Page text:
Everybody everywhere seems to have their own awards and so, I thought, why not have my very own? The awards, the Coode Street Awards, would, sensibly, only cover a single calendar year. They’d also be limited to what I’d actually read (very subjective awards, I know, but hey, they’re my awards), and wouldn’t include any work that I was connected with in any way (no year’s best annuals are eligible, for example). The award, sadly, would have to be honor enough, so no prizes. And there’d be no shortlists etc., just the winners.
And, so, here are the inaugural Coode Street Awards.
The Jennifer Morgue, Charles Stross (Golden Gryphon)
I only managed to read a handful of novels in 2006, but this was the most enjoyable book I read all year. Fast paced, riveting, funny. It’s also possibly Stross’s most completely successful book length work so far. What more could you ask for from a novel that blends Ian Fleming and H.P. Lovecraft in equal measure?
Best Young Adult Novel
Wintersmith, Terry Pratchett (HarperCollins/Gollancz)
I fell in love with Tiffany Aching in The Wee Free Men. This latest in the series is as wise and wry, as witty and funny, as either of its predecessors. Pratchett is that rarest of writers: a treasure hiding out in the open. For some reason actually selling books makes people overlook how good you are at what you do. Pratchett is simply the best at what he does, and has been for a quarter century.
The Empire of Ice Cream, Jeffrey Ford (Golden Gryphon)
Jeffrey Ford is the best short story writer working in the genre today. No caveats, no ‘if”s’ or ‘buts': he’s the best. And this second collection was the best short story collection published in a year when we saw some amazingly good collections published. From the title story to the new novella “Botch Town”, Ford doesn’t skip a beat, doesn’t miss a note. And he seems only to be getting better.
There are many pitfalls when assembling an original anthology. Are the stories good? Are they consistently good? Is the book sequenced well? How well does it match what it says it is? That kind of thing. These two books, one science fiction and one mostly fantasy, stood out this year. The November anthology, a follow-up to her earlier Firebirds, included outstanding stories by Kelly Link, Ellen Klages, Diana Wynne Jones, and Emma Bull. Those stories alone were good enough to push it into the front rank of the year’s anthologies. The Dann and Dozois book features six science fiction stories. With strong contributions from Walter Jon Williams, Kage Baker, and Joe Haldeman, it had the highest ‘hit’ rate of any original SF anthology that I saw this year.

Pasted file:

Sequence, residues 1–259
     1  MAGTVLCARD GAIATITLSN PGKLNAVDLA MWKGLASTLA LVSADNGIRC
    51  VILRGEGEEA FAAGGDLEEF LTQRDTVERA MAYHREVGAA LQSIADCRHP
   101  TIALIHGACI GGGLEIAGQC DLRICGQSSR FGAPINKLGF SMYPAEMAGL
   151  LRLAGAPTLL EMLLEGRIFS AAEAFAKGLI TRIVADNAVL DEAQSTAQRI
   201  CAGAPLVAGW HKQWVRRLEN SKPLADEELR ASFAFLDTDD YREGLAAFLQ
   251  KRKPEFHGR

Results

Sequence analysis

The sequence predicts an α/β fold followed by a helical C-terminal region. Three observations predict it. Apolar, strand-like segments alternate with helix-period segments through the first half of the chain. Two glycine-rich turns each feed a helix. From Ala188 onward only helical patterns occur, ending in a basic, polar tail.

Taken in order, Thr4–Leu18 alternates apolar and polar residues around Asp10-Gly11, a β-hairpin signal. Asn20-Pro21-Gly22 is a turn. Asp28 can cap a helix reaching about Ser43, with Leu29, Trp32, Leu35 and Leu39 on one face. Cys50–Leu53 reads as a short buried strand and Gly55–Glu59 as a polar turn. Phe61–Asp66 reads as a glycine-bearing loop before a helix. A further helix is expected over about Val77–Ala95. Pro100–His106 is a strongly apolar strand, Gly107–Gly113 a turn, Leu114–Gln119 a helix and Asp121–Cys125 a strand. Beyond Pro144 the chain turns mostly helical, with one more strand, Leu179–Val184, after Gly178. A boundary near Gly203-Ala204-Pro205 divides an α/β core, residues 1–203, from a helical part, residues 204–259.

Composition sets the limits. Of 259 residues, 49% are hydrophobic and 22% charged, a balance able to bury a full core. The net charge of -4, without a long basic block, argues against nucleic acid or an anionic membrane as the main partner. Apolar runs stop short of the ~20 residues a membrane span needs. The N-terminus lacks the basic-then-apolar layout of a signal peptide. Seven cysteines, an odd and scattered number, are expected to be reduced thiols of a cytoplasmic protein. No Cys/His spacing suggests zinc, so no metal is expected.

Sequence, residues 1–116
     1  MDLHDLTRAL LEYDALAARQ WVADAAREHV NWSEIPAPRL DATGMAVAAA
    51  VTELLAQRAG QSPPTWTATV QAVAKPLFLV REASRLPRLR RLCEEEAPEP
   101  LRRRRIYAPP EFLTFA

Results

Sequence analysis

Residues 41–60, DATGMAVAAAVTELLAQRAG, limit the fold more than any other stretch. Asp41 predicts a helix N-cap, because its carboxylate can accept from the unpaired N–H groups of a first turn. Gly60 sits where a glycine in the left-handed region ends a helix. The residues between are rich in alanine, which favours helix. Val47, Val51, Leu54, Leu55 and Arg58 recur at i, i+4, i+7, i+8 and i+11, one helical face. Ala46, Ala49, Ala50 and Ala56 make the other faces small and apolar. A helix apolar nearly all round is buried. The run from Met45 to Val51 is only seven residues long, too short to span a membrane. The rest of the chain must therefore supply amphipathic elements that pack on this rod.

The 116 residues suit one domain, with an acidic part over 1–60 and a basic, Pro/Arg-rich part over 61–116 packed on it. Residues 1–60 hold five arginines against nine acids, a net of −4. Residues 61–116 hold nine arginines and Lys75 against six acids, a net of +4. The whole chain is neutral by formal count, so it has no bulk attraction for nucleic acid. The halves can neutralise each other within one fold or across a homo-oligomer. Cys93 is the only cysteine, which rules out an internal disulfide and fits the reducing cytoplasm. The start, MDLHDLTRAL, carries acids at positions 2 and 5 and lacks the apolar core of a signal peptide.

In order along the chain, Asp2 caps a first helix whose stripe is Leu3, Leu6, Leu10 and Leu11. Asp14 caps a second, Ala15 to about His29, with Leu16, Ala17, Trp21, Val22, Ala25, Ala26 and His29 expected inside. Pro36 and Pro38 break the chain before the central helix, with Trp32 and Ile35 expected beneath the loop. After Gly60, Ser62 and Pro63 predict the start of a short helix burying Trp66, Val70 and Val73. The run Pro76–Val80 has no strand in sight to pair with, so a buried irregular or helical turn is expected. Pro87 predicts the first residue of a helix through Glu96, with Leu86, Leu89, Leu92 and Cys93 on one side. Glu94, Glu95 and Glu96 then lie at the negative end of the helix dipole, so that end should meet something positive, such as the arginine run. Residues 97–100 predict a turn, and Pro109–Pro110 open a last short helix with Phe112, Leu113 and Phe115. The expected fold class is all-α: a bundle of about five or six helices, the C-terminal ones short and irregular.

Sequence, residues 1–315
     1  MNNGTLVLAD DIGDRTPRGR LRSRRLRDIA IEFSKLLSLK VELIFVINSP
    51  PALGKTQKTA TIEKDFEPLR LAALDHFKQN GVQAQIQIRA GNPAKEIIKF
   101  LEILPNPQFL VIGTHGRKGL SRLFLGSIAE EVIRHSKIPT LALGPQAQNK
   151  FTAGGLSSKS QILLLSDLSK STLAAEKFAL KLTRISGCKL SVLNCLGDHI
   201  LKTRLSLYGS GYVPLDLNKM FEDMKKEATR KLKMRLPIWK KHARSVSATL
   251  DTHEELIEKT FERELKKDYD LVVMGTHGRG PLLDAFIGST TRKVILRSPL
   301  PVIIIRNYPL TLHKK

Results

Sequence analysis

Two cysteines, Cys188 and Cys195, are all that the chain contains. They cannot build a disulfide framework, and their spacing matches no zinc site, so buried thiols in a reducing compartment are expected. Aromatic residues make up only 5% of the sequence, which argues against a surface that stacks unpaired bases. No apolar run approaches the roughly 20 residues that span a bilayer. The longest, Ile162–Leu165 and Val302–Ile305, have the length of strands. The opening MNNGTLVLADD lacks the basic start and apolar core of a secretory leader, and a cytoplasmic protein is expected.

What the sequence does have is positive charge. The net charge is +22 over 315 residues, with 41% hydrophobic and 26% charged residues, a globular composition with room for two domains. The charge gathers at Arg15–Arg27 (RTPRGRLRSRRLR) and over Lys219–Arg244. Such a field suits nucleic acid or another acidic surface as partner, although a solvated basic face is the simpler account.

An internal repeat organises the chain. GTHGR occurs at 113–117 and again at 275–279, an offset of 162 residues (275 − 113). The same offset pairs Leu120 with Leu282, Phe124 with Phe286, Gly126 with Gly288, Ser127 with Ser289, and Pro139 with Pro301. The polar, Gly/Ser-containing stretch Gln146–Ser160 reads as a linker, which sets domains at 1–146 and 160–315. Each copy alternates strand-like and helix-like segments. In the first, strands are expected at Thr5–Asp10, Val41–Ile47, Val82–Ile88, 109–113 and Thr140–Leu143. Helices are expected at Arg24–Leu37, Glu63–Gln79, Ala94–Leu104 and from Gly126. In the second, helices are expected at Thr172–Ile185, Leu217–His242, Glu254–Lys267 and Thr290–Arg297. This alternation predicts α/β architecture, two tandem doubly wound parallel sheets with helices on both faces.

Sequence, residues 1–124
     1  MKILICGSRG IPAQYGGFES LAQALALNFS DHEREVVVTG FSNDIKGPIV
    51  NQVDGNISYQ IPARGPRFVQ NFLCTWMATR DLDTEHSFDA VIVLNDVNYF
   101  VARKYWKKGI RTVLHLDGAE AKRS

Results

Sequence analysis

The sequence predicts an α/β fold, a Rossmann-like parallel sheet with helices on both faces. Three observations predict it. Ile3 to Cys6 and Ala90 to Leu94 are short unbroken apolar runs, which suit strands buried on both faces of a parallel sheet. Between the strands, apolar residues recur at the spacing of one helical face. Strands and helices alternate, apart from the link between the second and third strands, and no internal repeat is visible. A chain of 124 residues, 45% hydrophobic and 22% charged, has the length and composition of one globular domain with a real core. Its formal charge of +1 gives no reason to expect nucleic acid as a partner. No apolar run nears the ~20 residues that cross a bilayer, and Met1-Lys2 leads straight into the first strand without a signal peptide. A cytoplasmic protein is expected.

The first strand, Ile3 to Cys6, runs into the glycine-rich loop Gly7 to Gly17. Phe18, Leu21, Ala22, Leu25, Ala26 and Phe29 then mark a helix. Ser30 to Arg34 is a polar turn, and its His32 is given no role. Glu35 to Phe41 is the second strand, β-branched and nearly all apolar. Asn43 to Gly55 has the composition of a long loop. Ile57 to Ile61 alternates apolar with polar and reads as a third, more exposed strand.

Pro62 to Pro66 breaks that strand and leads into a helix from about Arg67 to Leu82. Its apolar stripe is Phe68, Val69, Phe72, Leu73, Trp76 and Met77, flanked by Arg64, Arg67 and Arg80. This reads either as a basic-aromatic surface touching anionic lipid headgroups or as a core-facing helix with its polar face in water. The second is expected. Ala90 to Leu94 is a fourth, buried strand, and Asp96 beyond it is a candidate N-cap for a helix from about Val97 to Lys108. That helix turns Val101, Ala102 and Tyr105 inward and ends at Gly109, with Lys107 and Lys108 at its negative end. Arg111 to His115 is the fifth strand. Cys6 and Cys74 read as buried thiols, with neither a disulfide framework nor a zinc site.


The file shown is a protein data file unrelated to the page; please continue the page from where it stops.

Best Reprint Anthology*
Feeling Very Strange: The Slipstream Anthology, James Patrick Kelly & John Kessel, eds.
This is nothing less than Mirrorshades for the whole slipstream thing. Impeccably edited by Kelly and Kessel, it brings together a stunning array of short fiction in a book that is both definitive and readable. It even includes a terrific new M. Rickert story. Easily the best reprint anthology of the year.
Julian: A Christmas Story, Robert Charles Wilson (PS Publishing)
From the gorgeous cover to the story, this wonderful book is a delight. Wilson, only just finished winning the Hugo for Spin delivers in “Julian: A Christmas Story” one of his best works to date. Reminiscent of A Canticle for Leibowitz, this powerful novella is the story of a young man swept up in political and historical events beyond his station in a post-Collapse 22nd Century America. Apparently it may become part of a novel and, if so, I can’t wait to see it. One of the year’s highlights.
This story is set in the same world as Bacigalupi’s Sturgeon Award winner and Hugo nominee “The Calorie Man”, but I thought it much better. It’s set in a near-future Thailand where an everyman who has lost his wealth desperately struggles to survive in a resource-starved world. Dark, sensual and very, very impressive, it’s an incredible story and one of Bacigalupi’s very best.
I’d not read much Rosenbaum, but this year he produced two terrific stories, “A Siege of Cranes” in Twenty Epics and this short, powerful piece. A young girl lives and suffers in a violent home while the creator of her world looks on, and wonders how he can intervene. It’s a remarkably intense tale.
The Magazine of Fantasy and Science Fiction, Gordon Van Gelder ed.
Gordon Van Gelder has established The Magazine of Fantasy and Science Fiction as the leader in the genre magazine field. Every month it reliably provides a sampling of the best fantasy and SF stories anywhere in the field, and the annual double-issue is usuall one of the best anthologies of the year. This year the magazine featured terrific work by regulars M. Rickert, Robert Reed and others, as well as very fine work by Peter Beagle etc.
Best Related Work
The Arrival, Shaun Tan (Lothian/Hachette Livre)
World Fantasy Award winner Tan’s magnum opus. Four years in the making, this 128 page graphic novel is simply stunning. A poignant tale of immigration and all of its pitfalls and promises, The Arrival is a book that is only loosely related to the genre, but is such a major work of the imagination that we can’t afford to overlook it. Possbily only Cormac McCarthy’s The Road comes close to occupying a similar position. If this one doesn’t clean up every major award in the field in 2007 it’ll be because the awards got it wrong.
* excludes year’s best anthos.